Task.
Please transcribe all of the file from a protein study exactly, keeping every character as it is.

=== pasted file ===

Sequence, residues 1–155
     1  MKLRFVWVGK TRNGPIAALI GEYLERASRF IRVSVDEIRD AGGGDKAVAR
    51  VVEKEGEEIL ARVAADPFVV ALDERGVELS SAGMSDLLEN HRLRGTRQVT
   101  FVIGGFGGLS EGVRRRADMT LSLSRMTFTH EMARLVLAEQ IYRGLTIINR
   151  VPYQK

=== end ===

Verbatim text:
Sequence, residues 1–155
     1  MKLRFVWVGK TRNGPIAALI GEYLERASRF IRVSVDEIRD AGGGDKAVAR
    51  VVEKEGEEIL ARVAADPFVV ALDERGVELS SAGMSDLLEN HRLRGTRQVT
   101  FVIGGFGGLS EGVRRRADMT LSLSRMTFTH EMARLVLAEQ IYRGLTIINR
   151  VPYQK